Sign up ×
Stack Overflow is a community of 4.7 million programmers, just like you, helping each other. Join them; it only takes a minute:

I am using spring mvc3 in my project,and I am confused with the request mapping pattern (the last slash in the url)

Take the following controller method for example:

@RequestMapping(value = "/{id}/edit", method = RequestMethod.GET)
public String edit(@PathVariable int id, Model model) {
    return "posts/edit";

It works when get the url "http://localhsot/app/posts/3/edit",however it can not the method if get the url "http://localhsot/app/posts/3/edit/".

I know I can set the request mapping value like this:

@RequestMapping(value = {"/{id}/edit","/{id}/edit/"})

But I wonder if there is any other solution? It seems that rails will ignore the last slash in the url.



<mvc:annotation-driven />
<mvc:view-controller path="/" view-name="home" />
<context:component-scan base-package="com.king.controller" />
<mvc:resources mapping="/res/**" location="/res/" />
<bean id="viewResolver" class="org.springframework.web.servlet.view.UrlBasedViewResolver">
    <property name="viewClass" value="org.springframework.web.servlet.view.JstlView" />
    <property name="prefix" value="/WEB-INF/jsp/" />
    <property name="suffix" value=".jsp" />




share|improve this question
I'm using spring mvc3 and my mappings are going to the same controller method when "/" exists at the end of URL or not. I don't remember to use anything special to accomplish this. What server are you using? could you post your web.xml file? – jelies Aug 29 '12 at 11:22

1 Answer 1

up vote 4 down vote accepted

I think you are trying to solve the wrong problem.

If you match a URL both with and without a trailing slash, you will get a bad rating from search engines because of duplicate content.

What I would do is to add a Filter that sends all requests without trailing slash a redirect with trailing slash (or vice-versa) using status code HttpServletResponse.SC_MOVED_PERMANENTLY

Here is a minimal implementation of such a filter:

public class CanonicalUrlFilter implements Filter {
    public void init(final FilterConfig filterConfig) throws ServletException { }

    public void doFilter(final ServletRequest servletRequest, final ServletResponse servletResponse,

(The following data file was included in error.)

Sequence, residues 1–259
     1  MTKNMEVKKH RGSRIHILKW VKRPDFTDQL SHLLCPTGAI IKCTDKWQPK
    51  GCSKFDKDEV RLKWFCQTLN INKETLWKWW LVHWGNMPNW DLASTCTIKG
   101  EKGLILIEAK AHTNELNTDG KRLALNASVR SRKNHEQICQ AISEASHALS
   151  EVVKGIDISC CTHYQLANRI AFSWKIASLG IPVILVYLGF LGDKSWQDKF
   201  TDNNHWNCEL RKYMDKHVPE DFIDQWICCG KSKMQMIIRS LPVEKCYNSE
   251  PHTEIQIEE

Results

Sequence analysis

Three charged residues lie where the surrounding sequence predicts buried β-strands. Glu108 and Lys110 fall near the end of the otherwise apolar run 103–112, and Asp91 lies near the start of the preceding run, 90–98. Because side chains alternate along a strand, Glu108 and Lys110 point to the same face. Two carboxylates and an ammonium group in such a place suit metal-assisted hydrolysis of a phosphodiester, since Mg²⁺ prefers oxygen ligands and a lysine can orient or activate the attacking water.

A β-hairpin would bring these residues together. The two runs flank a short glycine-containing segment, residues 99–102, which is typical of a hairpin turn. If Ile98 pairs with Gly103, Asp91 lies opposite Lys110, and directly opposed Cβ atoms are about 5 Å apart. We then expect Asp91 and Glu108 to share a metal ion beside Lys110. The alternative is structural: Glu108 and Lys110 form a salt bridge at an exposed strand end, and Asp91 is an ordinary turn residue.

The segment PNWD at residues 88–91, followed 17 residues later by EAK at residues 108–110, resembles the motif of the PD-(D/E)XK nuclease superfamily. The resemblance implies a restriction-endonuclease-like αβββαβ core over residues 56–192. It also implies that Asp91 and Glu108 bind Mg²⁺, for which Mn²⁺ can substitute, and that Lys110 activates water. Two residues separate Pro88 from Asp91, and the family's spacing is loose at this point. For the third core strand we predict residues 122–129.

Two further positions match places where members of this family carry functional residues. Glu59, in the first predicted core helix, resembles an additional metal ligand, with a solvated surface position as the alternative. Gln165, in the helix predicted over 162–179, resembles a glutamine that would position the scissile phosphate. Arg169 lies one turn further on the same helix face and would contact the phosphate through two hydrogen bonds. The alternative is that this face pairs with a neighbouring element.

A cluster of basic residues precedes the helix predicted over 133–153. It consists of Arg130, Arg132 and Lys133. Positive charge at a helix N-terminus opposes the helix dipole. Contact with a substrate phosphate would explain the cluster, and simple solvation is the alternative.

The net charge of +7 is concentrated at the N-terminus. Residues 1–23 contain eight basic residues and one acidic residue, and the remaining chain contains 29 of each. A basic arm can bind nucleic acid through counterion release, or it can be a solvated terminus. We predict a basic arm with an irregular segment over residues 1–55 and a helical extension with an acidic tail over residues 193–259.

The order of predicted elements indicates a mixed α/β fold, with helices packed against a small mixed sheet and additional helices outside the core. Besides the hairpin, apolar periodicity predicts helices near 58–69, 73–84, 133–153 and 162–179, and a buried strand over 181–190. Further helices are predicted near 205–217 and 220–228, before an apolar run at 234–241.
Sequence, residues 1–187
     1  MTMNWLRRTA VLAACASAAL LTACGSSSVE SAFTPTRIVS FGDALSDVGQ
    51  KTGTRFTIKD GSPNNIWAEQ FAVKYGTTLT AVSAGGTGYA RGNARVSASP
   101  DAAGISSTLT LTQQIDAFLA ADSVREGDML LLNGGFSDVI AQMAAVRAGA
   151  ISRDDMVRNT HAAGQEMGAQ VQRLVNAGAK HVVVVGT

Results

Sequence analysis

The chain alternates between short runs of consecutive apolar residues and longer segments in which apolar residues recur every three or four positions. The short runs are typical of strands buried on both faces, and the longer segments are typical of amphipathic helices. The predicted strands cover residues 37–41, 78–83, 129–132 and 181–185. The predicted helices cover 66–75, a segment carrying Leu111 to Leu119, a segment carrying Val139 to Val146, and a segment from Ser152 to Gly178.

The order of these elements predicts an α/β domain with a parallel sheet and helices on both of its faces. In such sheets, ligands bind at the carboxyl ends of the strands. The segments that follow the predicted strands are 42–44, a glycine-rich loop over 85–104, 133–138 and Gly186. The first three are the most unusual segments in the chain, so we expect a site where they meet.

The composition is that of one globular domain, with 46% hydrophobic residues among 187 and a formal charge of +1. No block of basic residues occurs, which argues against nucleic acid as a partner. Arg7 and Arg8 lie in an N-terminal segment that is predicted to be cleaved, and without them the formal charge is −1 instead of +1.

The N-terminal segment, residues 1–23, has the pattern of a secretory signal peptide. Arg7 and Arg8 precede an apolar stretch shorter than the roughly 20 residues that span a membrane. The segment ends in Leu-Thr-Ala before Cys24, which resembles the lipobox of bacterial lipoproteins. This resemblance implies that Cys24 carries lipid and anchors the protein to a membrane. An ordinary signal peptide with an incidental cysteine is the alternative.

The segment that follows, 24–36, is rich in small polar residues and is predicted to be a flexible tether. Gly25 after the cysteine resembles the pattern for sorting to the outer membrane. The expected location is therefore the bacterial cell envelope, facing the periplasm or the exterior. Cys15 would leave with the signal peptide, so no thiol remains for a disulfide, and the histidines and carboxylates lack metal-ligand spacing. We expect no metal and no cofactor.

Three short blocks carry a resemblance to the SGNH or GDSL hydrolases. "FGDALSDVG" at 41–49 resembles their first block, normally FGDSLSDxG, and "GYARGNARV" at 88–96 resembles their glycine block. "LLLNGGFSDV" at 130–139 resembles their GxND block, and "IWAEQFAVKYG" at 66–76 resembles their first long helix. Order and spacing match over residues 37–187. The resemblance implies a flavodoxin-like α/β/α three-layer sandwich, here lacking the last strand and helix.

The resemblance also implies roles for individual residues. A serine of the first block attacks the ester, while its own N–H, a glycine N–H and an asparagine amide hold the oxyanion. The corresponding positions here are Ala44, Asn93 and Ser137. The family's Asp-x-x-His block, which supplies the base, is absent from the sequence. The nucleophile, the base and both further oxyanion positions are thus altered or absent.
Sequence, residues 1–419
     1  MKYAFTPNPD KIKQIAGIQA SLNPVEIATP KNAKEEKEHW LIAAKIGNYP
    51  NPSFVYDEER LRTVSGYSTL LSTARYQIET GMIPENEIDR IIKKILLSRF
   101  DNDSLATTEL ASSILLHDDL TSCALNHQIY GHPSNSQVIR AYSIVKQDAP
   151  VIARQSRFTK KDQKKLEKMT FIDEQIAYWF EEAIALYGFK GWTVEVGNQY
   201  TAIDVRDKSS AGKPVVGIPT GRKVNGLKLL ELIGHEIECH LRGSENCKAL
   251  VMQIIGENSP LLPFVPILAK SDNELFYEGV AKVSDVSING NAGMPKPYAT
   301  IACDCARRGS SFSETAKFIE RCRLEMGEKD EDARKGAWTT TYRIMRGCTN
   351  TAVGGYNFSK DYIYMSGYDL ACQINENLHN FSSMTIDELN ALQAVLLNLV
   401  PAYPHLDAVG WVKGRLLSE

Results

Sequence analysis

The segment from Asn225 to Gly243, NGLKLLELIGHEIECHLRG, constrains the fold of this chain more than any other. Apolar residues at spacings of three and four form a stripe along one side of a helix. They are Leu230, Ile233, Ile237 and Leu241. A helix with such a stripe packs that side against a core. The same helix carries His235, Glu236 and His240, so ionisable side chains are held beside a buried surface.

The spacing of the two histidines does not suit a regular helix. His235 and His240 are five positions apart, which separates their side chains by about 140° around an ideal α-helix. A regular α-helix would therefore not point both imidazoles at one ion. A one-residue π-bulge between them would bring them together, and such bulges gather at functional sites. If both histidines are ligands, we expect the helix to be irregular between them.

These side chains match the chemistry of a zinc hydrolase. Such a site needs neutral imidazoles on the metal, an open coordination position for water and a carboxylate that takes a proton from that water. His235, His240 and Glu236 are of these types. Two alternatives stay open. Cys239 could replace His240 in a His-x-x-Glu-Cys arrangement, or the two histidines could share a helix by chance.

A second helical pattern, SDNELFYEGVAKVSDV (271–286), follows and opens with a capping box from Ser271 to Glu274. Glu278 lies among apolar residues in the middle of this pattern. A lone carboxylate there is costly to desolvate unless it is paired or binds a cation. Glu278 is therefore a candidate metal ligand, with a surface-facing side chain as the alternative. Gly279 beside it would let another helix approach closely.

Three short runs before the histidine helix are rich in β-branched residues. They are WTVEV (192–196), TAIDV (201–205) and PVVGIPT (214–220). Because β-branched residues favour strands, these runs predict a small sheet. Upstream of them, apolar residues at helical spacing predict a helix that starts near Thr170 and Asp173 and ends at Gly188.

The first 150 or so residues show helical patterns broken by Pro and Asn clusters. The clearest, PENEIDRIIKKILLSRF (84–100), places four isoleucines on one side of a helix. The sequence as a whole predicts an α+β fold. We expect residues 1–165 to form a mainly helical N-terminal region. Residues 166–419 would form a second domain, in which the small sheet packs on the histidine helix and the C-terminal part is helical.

final FilterChain filterChain) throws IOException, ServletException {
        if (servletRequest instanceof HttpServletRequest) {
            HttpServletRequest hsr = (HttpServletRequest) servletRequest;
            if (hsr.getMethod().equals("GET") && !hsr.getRequestURI().endsWith("/") && (hsr.getQueryString() == null)) {
                HttpServletResponse response = (HttpServletResponse) servletResponse;
                response.sendRedirect(hsr.getRequestURI() + "/");

        filterChain.doFilter(servletRequest, servletResponse);

    public void destroy() { }
share|improve this answer
thanks for your reply and nice code. however I wonder if this will cause performance problem?since the redirect is another request. – hguser Aug 29 '12 at 9:22
the overhead is minimal, you are redirected all the time on all sites you are using. But it is there of course. – Sean Patrick Floyd Aug 29 '12 at 9:27
and this problem also exist in post method. – hguser Aug 29 '12 at 9:30
@hguser POST requests seldom originate from third party sites. So when you create forms, you need to pay attention to the format links on your site have. Also, it's good practice to redirect to a GET request after a post request anyway, so the end user will probably not even be aware of your POST URL. – Sean Patrick Floyd Aug 29 '12 at 9:55
sounds like you are right. thank you. – hguser Aug 29 '12 at 13:38

Your Answer


By posting your answer, you agree to the privacy policy and terms of service.

Not the answer you're looking for? Browse other questions tagged or ask your own question.